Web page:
Logos (Jesus, the Word) sermon ideas

In Johannine literature, ho logos, or the Word, is an important title of Jesus Christ, derived from the fact that Jesus speaks for his Father. He's his Father's Word in the world. Moreover, just as in Genesis God speaks the universe into being, so in the gospel of John, God's Word, Jesus Christ, acts as God's agent in creation.

Where does the Bible talk about logos?

  • Genesis 1:1-3, the Word was in the beginning
  • John 1:1-18, in the beginning was the Word
  • John 3:34, "He whom God has sent speaks the words of God, for he gives the Spirit without measure."
  • John 7:16, "Jesus answered them, `My teaching is not mine but his who sent me.'"
  • John 8:26, Jesus has much to say about God
  • John 12:49, "'I have not spoken on my own, but the Father who sent me has himself given me a commandment about what to say and what to speak.'"
  • John 14:24, "'Whoever does not love me does not keep my words; and the word that you hear is not mine, but is from the Father who sent me.'"
  • John 14:26, the Holy Spirit will teach you everything
  • John 16:14, the Spirit of truth will glorify Jesus
  • Revelation 19:11-16, "He is clothed in a robe dipped in blood, and his name is called The Word of God."

Sermon ideas about logos

In John's gospel, the pre-existent Jesus Christ is called "the Word," because he speaks for his father. Five times Jesus claims that what he says is not really from him, but from the one who sent him. He embodies and reproduces what God the Father wants to say to the world. "The word that you hear is not mine, but is from the Father who sent me" (14:24).

Here's a crass analogy. In 1946 America's then-most popular singer cut his first album. It was called The Voice of Frank Sinatra. From then on, Sinatra was often called simply The Voice. The Voice sang "Come Fly with Me." The Voice sang "Strangers in the Night." The Voice sang "My Way." To call Jesus "the Word" is like calling Frank Sinatra "The Voice."

When John calls Jesus the Word, he is reaching deep into intertwined Hellenistic and Old Testament traditions. Greeks, particularly Stoics, had identified ho logos as the creative and rational principle of order in the universe. And, of course, Genesis 1 recounts how God spoke the universe into existence. John 1 echoes both traditions when he says of the Word "all things came into being through him, and without him not one thing came into being." He's the creative ordering principle of the universe, and he's the Father's agent of creation.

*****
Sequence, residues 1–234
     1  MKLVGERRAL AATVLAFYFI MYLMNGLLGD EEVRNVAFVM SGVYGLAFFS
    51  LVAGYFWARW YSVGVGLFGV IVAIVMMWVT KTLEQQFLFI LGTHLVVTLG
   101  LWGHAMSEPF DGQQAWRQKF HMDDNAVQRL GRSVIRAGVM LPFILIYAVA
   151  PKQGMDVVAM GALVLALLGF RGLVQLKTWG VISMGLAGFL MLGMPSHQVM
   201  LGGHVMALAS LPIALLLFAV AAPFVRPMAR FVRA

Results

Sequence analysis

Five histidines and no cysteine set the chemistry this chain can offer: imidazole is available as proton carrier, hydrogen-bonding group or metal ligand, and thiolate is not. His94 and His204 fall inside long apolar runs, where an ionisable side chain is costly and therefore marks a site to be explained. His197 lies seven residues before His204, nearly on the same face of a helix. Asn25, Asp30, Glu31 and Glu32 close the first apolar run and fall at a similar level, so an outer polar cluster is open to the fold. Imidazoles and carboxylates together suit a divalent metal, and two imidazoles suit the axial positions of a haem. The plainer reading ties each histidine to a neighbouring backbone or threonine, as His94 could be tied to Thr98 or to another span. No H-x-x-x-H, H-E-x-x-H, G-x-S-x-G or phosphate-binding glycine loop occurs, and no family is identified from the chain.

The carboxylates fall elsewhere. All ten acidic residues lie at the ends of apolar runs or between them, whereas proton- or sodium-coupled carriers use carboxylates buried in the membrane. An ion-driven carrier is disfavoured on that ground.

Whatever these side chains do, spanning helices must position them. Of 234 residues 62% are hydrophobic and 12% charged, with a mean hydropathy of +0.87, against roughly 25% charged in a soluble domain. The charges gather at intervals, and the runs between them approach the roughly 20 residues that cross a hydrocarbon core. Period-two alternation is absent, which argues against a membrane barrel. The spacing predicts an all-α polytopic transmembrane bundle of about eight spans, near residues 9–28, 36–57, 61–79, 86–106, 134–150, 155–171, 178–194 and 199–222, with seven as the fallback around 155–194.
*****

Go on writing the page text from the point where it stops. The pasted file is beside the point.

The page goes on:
During his career on earth, the Word brings the word of his Father. John then interprets the Paraclete as the word-bringer who extends Jesus' teaching. The Paraclete teaches the words of the Word. As the Son only speaks what he hears from the Father, so the Paraclete or Spirit only speaks what is the Son's (John 14:26; 16:14). The Spirit functions eschatologically in declaring what is to come (John 16:13) and retrospectively in reminding the disciples of all Christ has said. As the Word reveals the Father, the Spirit reveals the Son. Each is the way to another.

A sampling of what the Word had to say:

"No one can see the kingdom of God without being born from above" (John 3:3). That is, no one can experience, participate in, belong to the kingdom of God without being supernaturally reborn. Jesus' teaching to Nicodemus centers on the regeneration of a human life by the power of the Holy Spirit, which is a miracle "that is at the same time most powerful and most pleasing, a marvelous, hidden, and inexpressible work, which is not lesser than or inferior in power to that of creation or of raising the dead" (Canons of Dort, Article 12).

"God so loved the world that he gave his only Son, so that everyone who believes in him may not perish but have eternal life" (John 3:16). This is probably the most famous text in the Christian Bible, and understandably so. Here is the heart of the gospel — God's overflowing love for a sinful world, God's sending of God's one and only Son to save it, and the call to human beings simply to trust this Son and this plan. No familiarity with this text should numb us to its sheer, mighty grace that is as wide as the world.

"I am the bread of life" (John 6:35). Manna wasfor the Israelites in the wilderness; Christ is the bread of life for the whole world. The allurements of this world — fame, money, power — cannot finally satisfy our deepest hungers (Frederick Dame Bruner, The Gospel of John: A Commentary (Eerdmans, 2012), p. 405). We were made to feast on God's love, personified in God's Son. To try for satisfaction from worldly substitutes is like trying to sate our hunger with a couple of sticks of chewing gum.

"It is finished" (John 19:30). Reported only in John, these words signify that Jesus has completed what his Father sent him to do. He has fulfilled his mission. He has given up his life, as "the atoning sacrifice for our sins, and not for ours only but also for the sins of the whole world" (1 John 2:2).

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